Push For Free Cheese by Vidiot @ Flickr

Some interesting things I found recently:

# IK Multimedia Rebuts Mag on Free Software; Why They Missed the Point

Freeware vs Commercial software? I know what I prefer… Whatever gets the job done!

Peter Kirn wrote a great article at CDM:

There’s a strange debate going on over the free software (as in freeware, not necessarily open source) issue of Computer Music magazine. After seeing the magazine’s top 10 reasons to use free software, commercial developer IK Multimedia got surprisingly defensive, and issued a rebuttal.

# aeo: DrawSound + Balls
DrawSound is a performance instrument that uses multi-touch input technology to create sound and music from the act of drawing. DrawSound has been used live by The SINE WAVE QUARTET and aeo. It was on display at the Second International Conference on Tangible and Embedded Interaction [Bonn 2008].

# Stanton to Release Touch DJ Controller; Surface One, Thunder, Reborn?

Peter Kirn reports on the Stanton DaScratch

Stanton is teasing a new DJ controller with touch controls, and particularly a circular scratch/control area, with live LED feedback. This allows “virtual” controllers not only for DJs, but (Stanton hopes) VJs, laptop musicians, and the like. (Stanton says “multimedia artist,” to which we suggest “visualists”.) I especially enjoy the “confidential” site, though I’m not sure marking press release with “do not publish / embargoed” has much more impact given a lot of sites these days.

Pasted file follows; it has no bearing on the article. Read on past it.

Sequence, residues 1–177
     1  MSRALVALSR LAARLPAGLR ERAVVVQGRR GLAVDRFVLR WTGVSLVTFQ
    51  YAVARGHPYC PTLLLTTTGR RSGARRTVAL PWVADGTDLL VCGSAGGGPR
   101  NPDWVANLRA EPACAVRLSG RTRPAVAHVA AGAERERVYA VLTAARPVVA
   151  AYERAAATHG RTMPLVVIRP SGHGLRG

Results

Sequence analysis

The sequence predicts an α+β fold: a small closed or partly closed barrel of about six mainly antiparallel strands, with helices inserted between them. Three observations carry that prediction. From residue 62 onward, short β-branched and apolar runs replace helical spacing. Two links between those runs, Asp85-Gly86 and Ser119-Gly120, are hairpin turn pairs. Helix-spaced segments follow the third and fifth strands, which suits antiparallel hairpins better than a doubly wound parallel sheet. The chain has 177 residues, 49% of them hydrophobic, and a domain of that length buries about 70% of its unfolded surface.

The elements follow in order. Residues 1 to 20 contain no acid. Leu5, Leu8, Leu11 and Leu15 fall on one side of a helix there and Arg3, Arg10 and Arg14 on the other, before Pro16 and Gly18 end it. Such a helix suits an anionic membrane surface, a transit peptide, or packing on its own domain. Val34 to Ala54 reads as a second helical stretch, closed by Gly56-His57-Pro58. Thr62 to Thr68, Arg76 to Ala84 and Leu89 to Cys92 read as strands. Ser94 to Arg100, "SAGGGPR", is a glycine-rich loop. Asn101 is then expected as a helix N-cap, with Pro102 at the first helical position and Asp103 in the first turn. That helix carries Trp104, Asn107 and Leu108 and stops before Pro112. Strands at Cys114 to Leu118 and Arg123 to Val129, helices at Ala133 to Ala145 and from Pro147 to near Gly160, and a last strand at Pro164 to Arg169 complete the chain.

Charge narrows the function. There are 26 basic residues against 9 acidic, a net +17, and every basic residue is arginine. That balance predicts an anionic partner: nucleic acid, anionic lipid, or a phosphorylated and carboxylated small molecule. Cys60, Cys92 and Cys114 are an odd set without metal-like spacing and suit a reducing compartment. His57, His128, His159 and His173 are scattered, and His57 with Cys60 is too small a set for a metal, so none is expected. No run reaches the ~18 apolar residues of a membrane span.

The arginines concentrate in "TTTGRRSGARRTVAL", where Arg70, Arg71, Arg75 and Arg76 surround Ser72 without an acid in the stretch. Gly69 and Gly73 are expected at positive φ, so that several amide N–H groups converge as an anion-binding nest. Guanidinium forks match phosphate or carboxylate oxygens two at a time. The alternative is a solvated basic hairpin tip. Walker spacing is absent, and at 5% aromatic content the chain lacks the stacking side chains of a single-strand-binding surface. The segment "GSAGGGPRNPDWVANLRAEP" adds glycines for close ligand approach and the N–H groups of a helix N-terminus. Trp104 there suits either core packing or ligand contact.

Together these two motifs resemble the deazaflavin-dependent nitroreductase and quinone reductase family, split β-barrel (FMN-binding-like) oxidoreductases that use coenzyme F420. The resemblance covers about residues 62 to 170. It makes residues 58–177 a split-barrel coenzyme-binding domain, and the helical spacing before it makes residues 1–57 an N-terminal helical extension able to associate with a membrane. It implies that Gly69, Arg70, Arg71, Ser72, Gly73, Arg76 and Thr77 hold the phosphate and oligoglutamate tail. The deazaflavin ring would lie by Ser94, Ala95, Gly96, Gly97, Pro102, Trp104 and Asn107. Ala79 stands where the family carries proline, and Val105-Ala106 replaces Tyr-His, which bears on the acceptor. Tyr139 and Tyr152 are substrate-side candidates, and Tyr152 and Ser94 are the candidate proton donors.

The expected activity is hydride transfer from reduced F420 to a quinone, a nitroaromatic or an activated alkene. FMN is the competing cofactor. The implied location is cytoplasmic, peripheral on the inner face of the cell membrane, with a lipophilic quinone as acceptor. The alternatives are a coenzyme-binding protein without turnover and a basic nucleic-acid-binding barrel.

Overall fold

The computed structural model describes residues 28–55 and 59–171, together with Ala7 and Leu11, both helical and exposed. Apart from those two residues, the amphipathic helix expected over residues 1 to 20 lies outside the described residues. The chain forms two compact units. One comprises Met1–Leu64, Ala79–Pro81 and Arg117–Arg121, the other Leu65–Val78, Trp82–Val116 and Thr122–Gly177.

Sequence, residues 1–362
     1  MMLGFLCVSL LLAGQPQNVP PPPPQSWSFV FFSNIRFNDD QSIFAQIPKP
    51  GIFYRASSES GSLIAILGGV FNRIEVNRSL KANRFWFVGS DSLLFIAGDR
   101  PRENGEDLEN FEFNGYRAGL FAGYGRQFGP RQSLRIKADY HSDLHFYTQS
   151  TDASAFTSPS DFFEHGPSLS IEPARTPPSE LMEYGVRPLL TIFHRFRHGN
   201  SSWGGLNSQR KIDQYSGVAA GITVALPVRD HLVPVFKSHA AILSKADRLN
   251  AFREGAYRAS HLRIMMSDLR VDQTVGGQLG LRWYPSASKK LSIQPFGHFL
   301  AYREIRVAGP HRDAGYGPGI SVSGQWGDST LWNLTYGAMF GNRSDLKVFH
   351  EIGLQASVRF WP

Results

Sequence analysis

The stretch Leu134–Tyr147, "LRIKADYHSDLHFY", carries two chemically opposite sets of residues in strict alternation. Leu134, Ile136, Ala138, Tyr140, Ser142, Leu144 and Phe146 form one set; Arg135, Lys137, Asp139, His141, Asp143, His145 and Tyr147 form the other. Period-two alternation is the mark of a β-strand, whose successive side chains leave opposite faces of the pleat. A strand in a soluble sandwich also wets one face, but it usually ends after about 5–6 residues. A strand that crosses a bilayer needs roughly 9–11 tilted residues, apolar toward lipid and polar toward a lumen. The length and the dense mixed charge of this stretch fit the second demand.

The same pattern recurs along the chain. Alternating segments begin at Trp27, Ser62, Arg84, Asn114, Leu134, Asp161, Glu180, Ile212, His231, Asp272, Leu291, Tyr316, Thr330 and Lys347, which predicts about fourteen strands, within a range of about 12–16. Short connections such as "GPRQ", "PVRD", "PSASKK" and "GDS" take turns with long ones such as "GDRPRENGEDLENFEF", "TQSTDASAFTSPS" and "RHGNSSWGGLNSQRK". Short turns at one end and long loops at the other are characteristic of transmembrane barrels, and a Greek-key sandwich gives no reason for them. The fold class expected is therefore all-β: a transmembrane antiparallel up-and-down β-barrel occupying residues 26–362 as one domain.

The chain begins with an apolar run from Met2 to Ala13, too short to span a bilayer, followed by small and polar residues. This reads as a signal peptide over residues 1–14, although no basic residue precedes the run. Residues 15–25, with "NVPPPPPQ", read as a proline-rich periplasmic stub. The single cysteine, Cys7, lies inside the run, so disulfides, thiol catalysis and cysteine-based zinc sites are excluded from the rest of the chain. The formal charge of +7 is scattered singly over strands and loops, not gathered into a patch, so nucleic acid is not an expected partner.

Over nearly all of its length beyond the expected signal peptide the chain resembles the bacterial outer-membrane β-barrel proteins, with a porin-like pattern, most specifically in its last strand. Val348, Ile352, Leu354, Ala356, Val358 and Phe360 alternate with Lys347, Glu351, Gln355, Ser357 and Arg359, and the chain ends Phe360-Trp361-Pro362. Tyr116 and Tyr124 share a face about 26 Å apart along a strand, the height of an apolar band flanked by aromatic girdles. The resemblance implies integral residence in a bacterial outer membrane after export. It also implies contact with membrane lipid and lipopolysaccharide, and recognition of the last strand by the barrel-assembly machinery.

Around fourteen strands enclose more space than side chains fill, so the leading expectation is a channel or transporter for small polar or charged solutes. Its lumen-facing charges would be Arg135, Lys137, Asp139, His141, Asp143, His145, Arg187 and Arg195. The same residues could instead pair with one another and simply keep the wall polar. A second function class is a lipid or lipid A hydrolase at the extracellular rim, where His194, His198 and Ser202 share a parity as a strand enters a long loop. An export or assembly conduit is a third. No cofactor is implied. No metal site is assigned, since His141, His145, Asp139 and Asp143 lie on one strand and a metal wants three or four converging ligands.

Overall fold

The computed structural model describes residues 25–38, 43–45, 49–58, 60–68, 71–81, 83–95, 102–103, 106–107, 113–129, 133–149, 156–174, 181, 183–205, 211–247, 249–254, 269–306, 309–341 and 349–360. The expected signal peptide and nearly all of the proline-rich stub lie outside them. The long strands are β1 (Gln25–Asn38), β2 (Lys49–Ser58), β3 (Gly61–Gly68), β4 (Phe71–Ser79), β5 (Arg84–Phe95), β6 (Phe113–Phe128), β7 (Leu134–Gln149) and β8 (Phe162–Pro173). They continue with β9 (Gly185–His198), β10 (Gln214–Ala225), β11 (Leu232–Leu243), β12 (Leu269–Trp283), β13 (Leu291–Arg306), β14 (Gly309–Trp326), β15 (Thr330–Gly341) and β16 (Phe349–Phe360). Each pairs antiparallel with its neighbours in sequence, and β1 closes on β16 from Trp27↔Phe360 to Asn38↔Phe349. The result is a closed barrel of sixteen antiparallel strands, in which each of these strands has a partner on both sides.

# hiuman – Runaway Harp – As the 1mm water streams are interrupted, the light weakens, fingers find delights in the water harp. Echo is silent, until light returns.

Tenori-Off

# TENORI-OFF
FUKUCHI Kentaro writes:

TENORI-ON is one of the coolest electric musical device: it is portable, easy to play and good for audio-visual performance. But I have not purchased it yet because it is expensive and a shortage in Japan.

So he built his own version, the Tenori-Off.

Short links for August 18th, 2008

Some interesting things I found on August 18th, 2008:

Reaktor

# Learning Reaktor: 10-Step Path to Building New Sequencers, Beatboxes, and Effects

Peter Kirn writes:

“What if you had to take just one software instrument with you to a desert island?” It’s not an entirely silly question, with so many choices in software potentially distracting you from real music making. I say, cheat: take a tool that lets you build your own tools, specific to the job. Reaktor immediately springs to mind.

# Echoplex Drum Simulator – Mike L’s Nine Inch Nails-inspired Echoplex Drum Simulator, a Windows drum sequencer.

# New Circle Sound bank available… – A new bank of 30 sounds for Circle, designed by Dajan Izzo is available on the Circle downloads page